“Brazil President Dilma Rousseff is poised to face another key test as allegations of corruption and incompetence swamp her government, and plummeting commodity prices sap the country’s economy,” Seeking Alpha reports.
According to Bloomberg:
As allegations of corruption and incompetence swamp Brazil’s government, and plummeting commodity prices sap its economy, hundreds of thousands of angry citizens are expected to descend on central squares across the country on Sunday, posing a key test for President Dilma Rousseff.
This will be the year’s third mass protest against Rousseff, who is facing growing calls for her impeachment. A strong showing could help support her ouster and deepen a sell-off on financial markets.
EM Bits said the following:
We already know that President Dilma is very unpopular, quantitatively speaking. The latest polls by Datafolha showed that the disapproval rating of her government reached 71%. The June survey had this number at 65%, showing how quickly her image has deteriorated (…)
So the question is whether Brazilians are still angered enough to show up in mass numbers. A very large participation rate for the protests may embolden the opposition, giving them the sensation that they have a popular mandate to push for an impeachment process (…)
A strong showing, during this year’s third mass protest calling for Dilma Rousseff impeachment, could help support an ouster and deepen a selloff in the financial markets. Brazil’s benchmark Ibovespa stock index has plunged 17.2% since she was re-elected last October, Seeking Alpha reported.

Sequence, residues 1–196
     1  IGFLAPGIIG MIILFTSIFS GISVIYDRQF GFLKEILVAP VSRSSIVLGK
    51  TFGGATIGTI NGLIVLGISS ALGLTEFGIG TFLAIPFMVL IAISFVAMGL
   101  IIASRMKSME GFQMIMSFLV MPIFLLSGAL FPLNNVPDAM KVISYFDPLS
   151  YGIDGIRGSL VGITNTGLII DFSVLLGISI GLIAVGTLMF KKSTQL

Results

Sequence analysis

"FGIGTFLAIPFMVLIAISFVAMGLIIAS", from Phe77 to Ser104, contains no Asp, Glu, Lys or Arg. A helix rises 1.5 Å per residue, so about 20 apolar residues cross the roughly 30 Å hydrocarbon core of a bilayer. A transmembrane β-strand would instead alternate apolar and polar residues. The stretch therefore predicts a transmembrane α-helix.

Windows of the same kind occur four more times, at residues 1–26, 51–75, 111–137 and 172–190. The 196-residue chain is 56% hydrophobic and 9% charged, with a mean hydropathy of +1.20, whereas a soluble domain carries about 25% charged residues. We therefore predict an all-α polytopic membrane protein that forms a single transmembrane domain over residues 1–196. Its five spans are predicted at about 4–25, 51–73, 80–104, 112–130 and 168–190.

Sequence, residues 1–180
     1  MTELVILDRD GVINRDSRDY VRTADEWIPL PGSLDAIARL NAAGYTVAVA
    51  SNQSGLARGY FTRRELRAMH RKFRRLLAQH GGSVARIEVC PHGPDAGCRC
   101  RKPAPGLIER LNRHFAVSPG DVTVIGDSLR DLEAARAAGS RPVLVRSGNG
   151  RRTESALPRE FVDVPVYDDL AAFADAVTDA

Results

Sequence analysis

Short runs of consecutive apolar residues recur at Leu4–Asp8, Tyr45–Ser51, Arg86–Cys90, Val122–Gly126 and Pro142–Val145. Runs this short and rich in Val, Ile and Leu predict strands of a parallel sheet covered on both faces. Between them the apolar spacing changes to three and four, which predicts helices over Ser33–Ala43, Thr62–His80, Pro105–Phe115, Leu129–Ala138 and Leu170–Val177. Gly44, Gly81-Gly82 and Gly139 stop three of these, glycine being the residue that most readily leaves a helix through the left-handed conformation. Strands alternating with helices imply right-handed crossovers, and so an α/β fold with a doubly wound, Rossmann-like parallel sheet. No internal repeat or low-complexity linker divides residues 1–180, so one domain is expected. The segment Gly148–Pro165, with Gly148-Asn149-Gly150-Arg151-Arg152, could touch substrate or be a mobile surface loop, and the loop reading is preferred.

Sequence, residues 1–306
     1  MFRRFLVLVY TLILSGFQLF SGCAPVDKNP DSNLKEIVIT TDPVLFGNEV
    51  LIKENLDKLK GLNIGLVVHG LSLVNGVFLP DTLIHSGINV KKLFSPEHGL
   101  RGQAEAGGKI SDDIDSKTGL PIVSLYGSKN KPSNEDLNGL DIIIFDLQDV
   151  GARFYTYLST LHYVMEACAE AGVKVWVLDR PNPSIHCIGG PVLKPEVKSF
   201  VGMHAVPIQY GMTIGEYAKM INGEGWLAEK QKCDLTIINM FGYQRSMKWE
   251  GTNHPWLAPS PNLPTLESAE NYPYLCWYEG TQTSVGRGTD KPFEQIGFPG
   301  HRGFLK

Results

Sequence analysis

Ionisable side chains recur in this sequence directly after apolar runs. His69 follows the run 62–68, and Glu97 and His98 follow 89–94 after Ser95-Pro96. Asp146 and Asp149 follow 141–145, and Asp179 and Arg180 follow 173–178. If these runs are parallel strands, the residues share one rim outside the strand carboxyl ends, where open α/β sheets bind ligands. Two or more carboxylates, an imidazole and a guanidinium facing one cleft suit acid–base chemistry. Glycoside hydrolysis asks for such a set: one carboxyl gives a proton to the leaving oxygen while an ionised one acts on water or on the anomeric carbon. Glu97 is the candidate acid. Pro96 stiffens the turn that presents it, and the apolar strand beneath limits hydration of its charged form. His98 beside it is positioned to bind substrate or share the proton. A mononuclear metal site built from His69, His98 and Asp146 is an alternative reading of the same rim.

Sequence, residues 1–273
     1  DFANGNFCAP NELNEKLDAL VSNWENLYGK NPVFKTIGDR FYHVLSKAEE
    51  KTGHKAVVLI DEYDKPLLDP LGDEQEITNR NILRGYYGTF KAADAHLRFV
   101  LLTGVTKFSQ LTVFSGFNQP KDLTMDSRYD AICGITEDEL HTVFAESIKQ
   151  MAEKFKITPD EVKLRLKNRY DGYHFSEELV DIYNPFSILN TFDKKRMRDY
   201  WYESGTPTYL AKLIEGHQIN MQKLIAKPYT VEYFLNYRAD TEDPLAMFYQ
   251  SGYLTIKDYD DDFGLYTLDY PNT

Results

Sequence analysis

Referring to the market side, EM Bits said the following:
… we took the increased rollover rate of the FX swaps by the BCB as an important development. Official headwinds blowing back against further BRL weakness, along with the roughly 13.5% negative carry on USD/BRL, will go a long way to stabilizing the currency – or at least prevent it from underperforming against its EM peers. Moreover, the positive surprise of Moody’s not assigning a negative outlook for Brazil has also eliminated another source of uncertainty by pushing further back the date of the country’s possible loss of investment grade status.
Moody’s rating agency, on August 11th, downgraded Brazil’s government bond rating to Baa3 from Baa2 (only one notch above a non-investment / speculative grade).
Moody’s explained the drivers of the rating change were as follows:
1. Weaker-than expected economic performance, the related upward trend in government expenditures and lack of political consensus on fiscal reforms will prevent the authorities from achieving primary surpluses high enough to arrest and reverse the rising debt trend this year and next, and challenge their ability to do so thereafter.
2. As a result, government debt burden and debt affordability will continue to deteriorate materially in 2015 and 2016 relative to the rating agency’s prior expectations, to levels materially worse than Brazil’s Baa-rated peers. Moody’s expects the rising debt burden to stabilize only towards the end of this administration.